Rent prices inch back up as DFW rivals NYC for top apartment leasing market in U.S.


Apartment dwellers filled just over 5,000 units in the first quarter, making it the busiest first quarter since 2019.

DALLAS — Read this story and more North Texas business news from our partners at the Dallas Business Journal

Demand for Dallas-Fort Worth apartments has been higher than typical for the first months of the year after a long string of falling monthly rates, but the good deals for renters may be coming to a close.

Apartment dwellers filled just over 5,000 units in the first quarter, making it the busiest first quarter since 2019, exempting 2021 when pent-up demand and relocations put the apartment market into overdrive, according to a new analysis from CoStar Group researchers.

The firm’s research now shows tiny month-over-month gains in the region’s asking rents over the first four months of 2024, the first increases since June 2023. Rental rates declined for six consecutive months in the back half of 2023, a relief for renters after prices soared at double-digit percent paces in the years prior.

CoStar places Dallas-Fort Worth just behind New York City in apartment demand over the past year, both filling around 19,000 units.

“As we continue through the end of [the second quarter], I expect that difference to narrow and will push Dallas-Fort Worth to the top spot,” said Bill Kitchens, a real estate analyst for CoStar in Dallas-Fort Worth.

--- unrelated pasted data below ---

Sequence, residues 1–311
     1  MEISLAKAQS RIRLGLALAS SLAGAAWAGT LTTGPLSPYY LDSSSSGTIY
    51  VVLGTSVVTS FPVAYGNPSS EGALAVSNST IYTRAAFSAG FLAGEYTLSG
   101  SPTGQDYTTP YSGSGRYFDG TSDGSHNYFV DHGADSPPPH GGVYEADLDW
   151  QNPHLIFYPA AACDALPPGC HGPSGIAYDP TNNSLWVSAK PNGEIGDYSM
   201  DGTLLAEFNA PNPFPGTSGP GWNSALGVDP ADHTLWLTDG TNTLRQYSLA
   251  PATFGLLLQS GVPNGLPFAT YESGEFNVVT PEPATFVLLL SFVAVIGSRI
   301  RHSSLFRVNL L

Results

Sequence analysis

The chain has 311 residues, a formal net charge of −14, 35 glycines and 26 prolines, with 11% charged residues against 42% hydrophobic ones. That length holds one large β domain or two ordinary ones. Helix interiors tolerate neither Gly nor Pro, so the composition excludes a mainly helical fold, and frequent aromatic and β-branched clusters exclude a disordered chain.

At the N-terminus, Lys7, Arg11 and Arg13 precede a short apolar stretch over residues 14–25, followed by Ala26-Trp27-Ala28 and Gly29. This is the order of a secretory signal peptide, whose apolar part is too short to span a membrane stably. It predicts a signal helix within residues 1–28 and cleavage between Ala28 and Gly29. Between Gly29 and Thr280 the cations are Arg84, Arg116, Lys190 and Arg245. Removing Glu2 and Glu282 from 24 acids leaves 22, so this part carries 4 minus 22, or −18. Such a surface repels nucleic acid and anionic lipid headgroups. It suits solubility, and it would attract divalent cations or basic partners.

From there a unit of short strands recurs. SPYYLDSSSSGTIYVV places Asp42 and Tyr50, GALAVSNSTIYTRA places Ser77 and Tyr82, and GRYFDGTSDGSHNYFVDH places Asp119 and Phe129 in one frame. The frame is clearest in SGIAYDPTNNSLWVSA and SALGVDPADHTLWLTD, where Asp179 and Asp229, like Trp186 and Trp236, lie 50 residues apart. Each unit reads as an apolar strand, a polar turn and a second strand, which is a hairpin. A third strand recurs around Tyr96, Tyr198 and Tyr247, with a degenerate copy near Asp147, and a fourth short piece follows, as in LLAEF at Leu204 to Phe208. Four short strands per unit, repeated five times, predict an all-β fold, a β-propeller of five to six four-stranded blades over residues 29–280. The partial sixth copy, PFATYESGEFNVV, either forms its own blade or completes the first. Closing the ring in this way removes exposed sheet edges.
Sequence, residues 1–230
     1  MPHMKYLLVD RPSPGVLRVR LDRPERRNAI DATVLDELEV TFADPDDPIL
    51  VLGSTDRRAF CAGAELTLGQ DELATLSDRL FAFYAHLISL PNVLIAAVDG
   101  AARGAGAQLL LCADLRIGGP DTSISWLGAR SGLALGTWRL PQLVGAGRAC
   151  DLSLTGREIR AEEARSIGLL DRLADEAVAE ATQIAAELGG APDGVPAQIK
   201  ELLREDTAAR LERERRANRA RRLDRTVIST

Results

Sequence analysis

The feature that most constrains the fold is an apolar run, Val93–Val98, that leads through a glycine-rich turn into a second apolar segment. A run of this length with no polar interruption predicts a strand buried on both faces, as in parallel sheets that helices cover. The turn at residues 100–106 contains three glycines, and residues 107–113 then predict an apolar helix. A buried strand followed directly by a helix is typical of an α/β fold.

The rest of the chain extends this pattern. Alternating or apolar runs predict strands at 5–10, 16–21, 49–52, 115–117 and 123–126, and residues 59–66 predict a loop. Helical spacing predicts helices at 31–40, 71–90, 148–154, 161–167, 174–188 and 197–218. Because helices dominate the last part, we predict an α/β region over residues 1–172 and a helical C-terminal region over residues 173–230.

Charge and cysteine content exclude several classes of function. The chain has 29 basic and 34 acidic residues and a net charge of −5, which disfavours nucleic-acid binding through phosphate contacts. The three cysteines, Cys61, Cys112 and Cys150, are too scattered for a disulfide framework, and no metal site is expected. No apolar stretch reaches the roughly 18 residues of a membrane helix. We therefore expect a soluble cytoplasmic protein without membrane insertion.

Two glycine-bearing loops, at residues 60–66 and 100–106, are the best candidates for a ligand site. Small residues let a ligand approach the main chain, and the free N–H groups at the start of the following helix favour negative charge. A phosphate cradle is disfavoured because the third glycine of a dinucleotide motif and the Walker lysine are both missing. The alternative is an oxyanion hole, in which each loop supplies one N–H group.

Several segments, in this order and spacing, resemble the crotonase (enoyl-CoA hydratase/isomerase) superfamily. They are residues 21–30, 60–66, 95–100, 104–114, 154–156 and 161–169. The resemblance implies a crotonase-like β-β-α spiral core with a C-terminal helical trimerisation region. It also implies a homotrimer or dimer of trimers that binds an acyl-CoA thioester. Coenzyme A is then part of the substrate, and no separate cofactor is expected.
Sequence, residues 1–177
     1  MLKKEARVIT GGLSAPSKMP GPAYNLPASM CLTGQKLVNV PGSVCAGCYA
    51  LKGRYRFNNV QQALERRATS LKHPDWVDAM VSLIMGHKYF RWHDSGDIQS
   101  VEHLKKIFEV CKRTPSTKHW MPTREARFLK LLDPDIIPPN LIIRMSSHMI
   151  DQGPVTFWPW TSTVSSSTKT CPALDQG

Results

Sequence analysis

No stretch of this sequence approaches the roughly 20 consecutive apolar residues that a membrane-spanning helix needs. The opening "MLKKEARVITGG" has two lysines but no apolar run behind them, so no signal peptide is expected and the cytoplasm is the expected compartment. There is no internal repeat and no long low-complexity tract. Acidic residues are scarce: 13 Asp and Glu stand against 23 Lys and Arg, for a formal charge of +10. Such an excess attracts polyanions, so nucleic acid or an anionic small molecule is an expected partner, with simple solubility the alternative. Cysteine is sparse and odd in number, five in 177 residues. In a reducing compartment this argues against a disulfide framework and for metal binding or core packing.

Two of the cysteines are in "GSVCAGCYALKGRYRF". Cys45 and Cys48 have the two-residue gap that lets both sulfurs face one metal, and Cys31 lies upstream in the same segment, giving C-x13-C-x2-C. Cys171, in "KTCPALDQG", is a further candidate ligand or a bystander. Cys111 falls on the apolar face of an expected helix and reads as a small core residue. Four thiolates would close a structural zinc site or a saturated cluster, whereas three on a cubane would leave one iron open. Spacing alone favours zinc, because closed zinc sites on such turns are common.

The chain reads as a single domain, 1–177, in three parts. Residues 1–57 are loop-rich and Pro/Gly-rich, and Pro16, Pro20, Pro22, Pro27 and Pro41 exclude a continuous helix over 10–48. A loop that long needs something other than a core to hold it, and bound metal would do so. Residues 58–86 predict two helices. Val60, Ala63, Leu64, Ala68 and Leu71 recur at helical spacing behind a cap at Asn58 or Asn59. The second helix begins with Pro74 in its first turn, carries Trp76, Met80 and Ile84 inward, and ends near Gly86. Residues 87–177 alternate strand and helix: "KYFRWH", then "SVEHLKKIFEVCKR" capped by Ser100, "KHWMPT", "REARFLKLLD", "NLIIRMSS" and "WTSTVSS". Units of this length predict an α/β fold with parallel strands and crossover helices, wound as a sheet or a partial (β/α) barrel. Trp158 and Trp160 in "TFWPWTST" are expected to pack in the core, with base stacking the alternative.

Kitchens ties the influx in demand to the easing of inflation and the improvement of consumer sentiment over the past year, as well as concessions and specials given by landlords competing for tenants.

Kitchens said three fast-growing suburban submarkets — the Frisco and Prosper area, the Allen and McKinney area and North Fort Worth — have accounted for a third of market demand over the past year and have been a stabilizing force for the market, though now the Frisco and Prosper area is seeing the steepest rent declines in the market.

Demand from mid- to low-income households have pulled back the most, Kitchens said, adding that rent growth is softening even in areas without a saturation of new communities that create competition and weaken rents.

“We’ve seen negative performance shift to mid-priced units,” Kitchens said. “That has not happened since the great financial crisis.”

Separate research from Institutional Property Advisors, a division of Marcus and Millichap, showed a similar trend in leasing as CoStar. Its research found record figures for first-quarter leasing for the first three months of the year, with net absorption of 7,000 units in Dallas-Fort Worth and 100,000 nationally.

Data sources can differ based on whether they account for newly built apartment units when a property opens or if they add those units gradually as they become available.

“Healthy job production and solid in-migration are key factors supporting housing demand locally,” said Greg Willett, first vice president of research services for Institutional Property Advisors. “Rentals are capturing an usually large share of total housing demand, because the premium to buy versus rent is at an all-time high.”

Rent growth remains negative on an annual basis, down 1.4% over the past year, though prices remain extremely elevated compared to pre-pandemic levels. Monthly asking rents currently average $1,528 in DFW, or $1,343 for a one-bedroom apartment and $1,719 for a two-bedroom, per CoStar data.

As demand picks up in the busier spring months, the real estate data company forecasts rents in DFW will continue to rise through the end of the year. CoStar expects prices to be flat on an annual basis and grow by about 3% annually beginning next year.

A slowdown in the region’s rapid pace of apartment construction could push rents further. RealPage chief economist Carl Whitaker expects apartment deliveries to peak by the end of this year or early next year at around 38,000 units, the Dallas Morning News reported.